I just realised how long it’s been since I have posted here, so thought I would share a few things that I’ve been up to…
It’s summer here in Australia, so with that in mind, I used citrus colours when I designed this fun little scale flower headband, which can double as a choker.
The tutorial for this piece also appeared in the summer edition of Digital Beading Magazine.
While stainless steel is my most commonly preferred medium, I do love a bit of colour and “pretty”, so picked up some anodized niobium in a water mix of colours – my original design didn’t quite work out, so I wound up learning a new weave to use the rings and this bracelet was the result:
I particularly like the purples and blues in anodized niobium, plus the almost irridescent sheen it has, which doesn’t quite show up with the standard point n’ shoot camera I have – this is called Orc Weave, but reminds me of little butterflies.
I also tried a little experiment with square shaped rings, plus exercised my (very limited) wire-wrapping skills to attach the pendant on this necklace – Chain Mail Squared.
The weave itself is just a standard European 4-1, mixing round, open stainless steel rings with the square rings (gunmetal black plated brass), and even though the wire-wrapping is quite simple, it took me a few attempts before I was happy enough with how it looked and held. The back of the necklace is multiple strands of organza and cord in a matching purple.
The store has been quite busy (for me), especially in the last couple of months of 2013, so time to create new things has been a little scarce, but I’ve recently finished up a course I was doing and hopefully I can keep these things updated a little more often.
So, my computer died a while back and I’m currently having to share a lap top until I can replace mine. You’d think less time on a computer would mean you have heaps more time to get other things done, but for some reason it hasn’t quite worked out that way, but I did get the chance to finish off this piece – a remake, pretty much, or something I attempted a year ago.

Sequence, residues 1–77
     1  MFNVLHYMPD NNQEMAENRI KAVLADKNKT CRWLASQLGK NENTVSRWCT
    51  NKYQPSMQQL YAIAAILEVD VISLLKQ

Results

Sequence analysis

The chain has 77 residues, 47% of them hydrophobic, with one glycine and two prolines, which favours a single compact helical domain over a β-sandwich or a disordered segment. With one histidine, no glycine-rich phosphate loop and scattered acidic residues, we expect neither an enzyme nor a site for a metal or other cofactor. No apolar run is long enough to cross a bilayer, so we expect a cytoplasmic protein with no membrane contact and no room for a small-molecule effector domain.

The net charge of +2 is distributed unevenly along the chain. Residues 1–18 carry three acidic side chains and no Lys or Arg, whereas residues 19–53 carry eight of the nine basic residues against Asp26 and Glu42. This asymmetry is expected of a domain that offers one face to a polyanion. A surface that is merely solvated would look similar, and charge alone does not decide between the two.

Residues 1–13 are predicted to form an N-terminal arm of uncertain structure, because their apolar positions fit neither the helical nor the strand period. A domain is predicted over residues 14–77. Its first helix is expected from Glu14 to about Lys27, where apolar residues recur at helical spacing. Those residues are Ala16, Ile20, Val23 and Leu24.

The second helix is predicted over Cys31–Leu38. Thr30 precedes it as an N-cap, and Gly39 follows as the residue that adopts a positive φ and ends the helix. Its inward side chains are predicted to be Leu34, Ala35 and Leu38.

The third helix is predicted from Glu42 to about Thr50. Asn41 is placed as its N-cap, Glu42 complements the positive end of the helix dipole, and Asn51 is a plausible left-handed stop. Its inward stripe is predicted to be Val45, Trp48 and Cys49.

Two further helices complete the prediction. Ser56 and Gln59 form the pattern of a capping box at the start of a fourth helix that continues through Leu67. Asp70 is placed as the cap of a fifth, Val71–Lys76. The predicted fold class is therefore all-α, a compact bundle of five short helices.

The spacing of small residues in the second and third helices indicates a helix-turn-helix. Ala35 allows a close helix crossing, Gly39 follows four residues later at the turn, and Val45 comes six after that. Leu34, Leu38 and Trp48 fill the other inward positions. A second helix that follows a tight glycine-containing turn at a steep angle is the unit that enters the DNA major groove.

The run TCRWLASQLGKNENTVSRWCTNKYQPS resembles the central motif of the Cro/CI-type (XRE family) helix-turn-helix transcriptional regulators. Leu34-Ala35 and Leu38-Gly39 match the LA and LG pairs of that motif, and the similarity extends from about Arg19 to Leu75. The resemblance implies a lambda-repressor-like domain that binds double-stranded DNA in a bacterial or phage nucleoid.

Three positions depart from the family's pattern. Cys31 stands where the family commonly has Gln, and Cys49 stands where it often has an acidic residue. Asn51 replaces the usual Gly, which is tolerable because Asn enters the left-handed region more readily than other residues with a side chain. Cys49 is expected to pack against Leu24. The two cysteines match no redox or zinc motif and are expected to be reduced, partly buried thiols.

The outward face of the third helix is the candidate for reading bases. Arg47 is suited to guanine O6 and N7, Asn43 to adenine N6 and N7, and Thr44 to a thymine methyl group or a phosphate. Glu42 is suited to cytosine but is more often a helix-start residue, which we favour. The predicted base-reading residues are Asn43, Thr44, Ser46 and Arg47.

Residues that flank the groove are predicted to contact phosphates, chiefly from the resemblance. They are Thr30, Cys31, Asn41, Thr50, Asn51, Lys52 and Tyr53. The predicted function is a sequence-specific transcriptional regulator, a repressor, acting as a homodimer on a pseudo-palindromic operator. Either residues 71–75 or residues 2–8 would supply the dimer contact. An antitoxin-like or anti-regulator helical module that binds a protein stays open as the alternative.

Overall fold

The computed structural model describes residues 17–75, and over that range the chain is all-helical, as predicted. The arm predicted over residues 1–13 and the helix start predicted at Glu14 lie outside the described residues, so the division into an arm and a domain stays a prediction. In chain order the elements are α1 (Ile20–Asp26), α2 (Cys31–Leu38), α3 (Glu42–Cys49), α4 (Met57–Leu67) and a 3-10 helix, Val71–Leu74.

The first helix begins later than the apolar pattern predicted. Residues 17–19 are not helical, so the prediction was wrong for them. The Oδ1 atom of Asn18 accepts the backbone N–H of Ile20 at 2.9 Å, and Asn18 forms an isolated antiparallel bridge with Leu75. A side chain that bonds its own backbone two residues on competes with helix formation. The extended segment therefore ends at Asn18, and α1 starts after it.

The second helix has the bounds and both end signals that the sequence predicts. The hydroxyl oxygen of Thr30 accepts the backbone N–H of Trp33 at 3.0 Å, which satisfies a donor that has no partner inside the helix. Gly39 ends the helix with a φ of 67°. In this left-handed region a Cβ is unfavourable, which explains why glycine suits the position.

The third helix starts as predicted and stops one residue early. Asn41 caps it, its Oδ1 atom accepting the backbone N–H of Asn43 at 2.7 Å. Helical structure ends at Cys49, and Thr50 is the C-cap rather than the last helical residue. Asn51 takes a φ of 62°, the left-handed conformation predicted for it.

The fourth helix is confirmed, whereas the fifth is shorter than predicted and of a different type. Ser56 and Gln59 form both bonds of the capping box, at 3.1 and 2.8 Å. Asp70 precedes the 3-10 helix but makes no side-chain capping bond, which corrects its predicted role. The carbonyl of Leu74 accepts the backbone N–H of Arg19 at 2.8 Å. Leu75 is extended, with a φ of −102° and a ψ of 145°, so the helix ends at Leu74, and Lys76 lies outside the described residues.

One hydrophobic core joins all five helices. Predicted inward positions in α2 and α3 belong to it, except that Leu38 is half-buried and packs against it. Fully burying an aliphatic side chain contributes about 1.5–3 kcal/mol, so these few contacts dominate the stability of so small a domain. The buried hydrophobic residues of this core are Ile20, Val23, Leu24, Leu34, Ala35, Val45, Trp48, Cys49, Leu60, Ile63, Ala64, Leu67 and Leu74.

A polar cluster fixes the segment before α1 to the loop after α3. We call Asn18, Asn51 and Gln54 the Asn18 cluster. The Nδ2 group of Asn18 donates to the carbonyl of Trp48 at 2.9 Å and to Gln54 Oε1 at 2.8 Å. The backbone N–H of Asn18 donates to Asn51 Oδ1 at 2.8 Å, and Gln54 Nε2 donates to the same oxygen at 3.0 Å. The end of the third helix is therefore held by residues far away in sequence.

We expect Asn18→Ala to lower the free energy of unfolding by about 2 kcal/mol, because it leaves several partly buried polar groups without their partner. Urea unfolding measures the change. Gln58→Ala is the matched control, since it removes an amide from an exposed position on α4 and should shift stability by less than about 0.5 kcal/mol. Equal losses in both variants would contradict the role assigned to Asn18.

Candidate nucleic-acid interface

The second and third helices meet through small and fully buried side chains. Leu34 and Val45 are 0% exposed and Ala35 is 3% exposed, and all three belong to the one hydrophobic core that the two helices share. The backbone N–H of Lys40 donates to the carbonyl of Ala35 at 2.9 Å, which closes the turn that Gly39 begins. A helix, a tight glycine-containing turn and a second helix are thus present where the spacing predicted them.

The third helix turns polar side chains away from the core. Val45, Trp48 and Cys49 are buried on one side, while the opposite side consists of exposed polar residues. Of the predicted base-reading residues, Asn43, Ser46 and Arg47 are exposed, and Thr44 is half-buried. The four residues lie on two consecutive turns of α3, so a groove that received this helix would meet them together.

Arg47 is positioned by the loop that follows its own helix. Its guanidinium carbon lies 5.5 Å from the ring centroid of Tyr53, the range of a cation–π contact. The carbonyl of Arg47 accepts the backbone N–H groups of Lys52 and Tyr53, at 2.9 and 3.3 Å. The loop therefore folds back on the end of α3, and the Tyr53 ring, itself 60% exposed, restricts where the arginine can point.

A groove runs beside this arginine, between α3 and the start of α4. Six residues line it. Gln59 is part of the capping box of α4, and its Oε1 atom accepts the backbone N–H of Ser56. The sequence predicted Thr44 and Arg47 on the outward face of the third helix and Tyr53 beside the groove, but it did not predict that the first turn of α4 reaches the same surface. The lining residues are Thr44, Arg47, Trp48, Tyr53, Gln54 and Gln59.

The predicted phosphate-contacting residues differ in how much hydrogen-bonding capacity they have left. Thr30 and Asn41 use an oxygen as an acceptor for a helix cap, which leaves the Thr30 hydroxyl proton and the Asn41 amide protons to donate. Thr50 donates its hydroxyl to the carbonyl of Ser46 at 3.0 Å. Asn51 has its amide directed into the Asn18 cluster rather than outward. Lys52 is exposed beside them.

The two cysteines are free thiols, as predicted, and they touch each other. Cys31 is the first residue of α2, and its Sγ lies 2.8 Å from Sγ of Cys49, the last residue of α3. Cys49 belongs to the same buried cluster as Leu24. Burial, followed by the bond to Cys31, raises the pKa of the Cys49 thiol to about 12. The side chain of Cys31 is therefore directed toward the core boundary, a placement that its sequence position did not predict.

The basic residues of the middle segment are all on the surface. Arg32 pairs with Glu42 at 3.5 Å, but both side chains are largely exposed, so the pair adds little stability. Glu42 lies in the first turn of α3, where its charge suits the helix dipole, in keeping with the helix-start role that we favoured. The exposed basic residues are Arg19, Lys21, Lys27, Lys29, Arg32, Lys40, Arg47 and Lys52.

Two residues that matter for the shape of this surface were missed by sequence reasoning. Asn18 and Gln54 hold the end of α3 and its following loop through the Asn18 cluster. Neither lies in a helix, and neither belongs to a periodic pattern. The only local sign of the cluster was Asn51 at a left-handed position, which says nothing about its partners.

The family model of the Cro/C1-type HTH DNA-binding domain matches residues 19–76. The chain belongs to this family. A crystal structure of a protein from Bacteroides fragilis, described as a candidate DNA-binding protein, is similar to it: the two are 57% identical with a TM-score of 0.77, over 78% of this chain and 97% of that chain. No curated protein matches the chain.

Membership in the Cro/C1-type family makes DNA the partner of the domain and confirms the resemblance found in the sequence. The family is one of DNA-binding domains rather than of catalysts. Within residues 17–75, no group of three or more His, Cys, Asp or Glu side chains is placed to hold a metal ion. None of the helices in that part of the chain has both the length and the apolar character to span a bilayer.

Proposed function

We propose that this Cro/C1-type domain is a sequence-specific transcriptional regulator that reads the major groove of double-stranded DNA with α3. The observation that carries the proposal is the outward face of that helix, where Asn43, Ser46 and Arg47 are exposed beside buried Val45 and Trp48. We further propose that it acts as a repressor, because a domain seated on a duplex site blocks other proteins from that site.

One of the first projects I wanted to try my hand at was a chain mail scarf – just a nice, long strip of European 4-in-1. The first time around I used 14 gauge bright aluminium rings, so it was bigger, chunkier and even longer (by about 20cm). It looked ok, but you certainly wouldn’t have been able to call it a piece of jewellery.
These are 21 gauge stainless steel rings with a 5mm OD, meaning the weave is a much finer mesh than the 14 gauge piece. I used around 1600 individual rings, which may or may not sound like a lot, but it’s probably about 5-10cm shorter than my ideal (ran short of rings, but decided it was ‘finished’ after adding the chain tassels).
The main goal was to create something that din’t look too much like a scarf or necklace in particular, but could more than easily be used as either, which was where the first one failed.
I know there’s nothing particularly special about a piece like this – it’s a pretty basic weave and, truth be told, didn’t exactly take many endless hours, but I’m still pretty pleased with it. Plus, about half-way through I had an idea for an E-6-1 version that will (hopefully) be a bit different.
I’ve been trying to expand the line of accessories I make and wallet chains was something suggested to me by someone else (which I’m thankful for as I know absolutely nothing about men’s fashion accessories and wallet chains never would have occurred to me). I can see these type of items have the potential to be quite diverse, so I’m glad to have something for men other than jewellery that I can experiment with.
The first two I made are just simple, unadorned chains – the one up top is a stainless steel box weave, which was one of the first weaves I learned but haven’t used it before as I didn’t find it particularly attractive for jewellery. It’s a rather quick and easy chain though, and I quite like it for this type of accessory.
The second one was a weave I’ve never tried before – Captive Inverted Round, in stainless steel and brass.
This weave really frustrated me. The technique is so simple, at the very least in theory, but I fumbled with it consistently and struggled to develop a fluent technique (usually, when I struggle with a new weave, after I’ve learned how to do it properly it doesn’t take long before I can construct it without making errors or fumbling with ring placement, but I found no matter what I did, the captive rings were always precariously positioned and prone to slipping out of place while I tried to put the outer rings back into place, making the weave more time consuming than it really should be – for me, anyway).
Still, as I had originally intended to have two captive rings in the cages but didn’t have enough brass rings (plus it made the chain a little stiff and I don’t like weaves to get the better of me…), I decided to make a necklace using copper rings in place of the brass.
A slightly smoother process, but those rings remain slippery little suckers! For this chain, I used 7mm OD stainless steel rings (1mm thick), and 5.6mm OD copper rings (supposedly 0.8mm thick, but I think they were actually slightly thinner).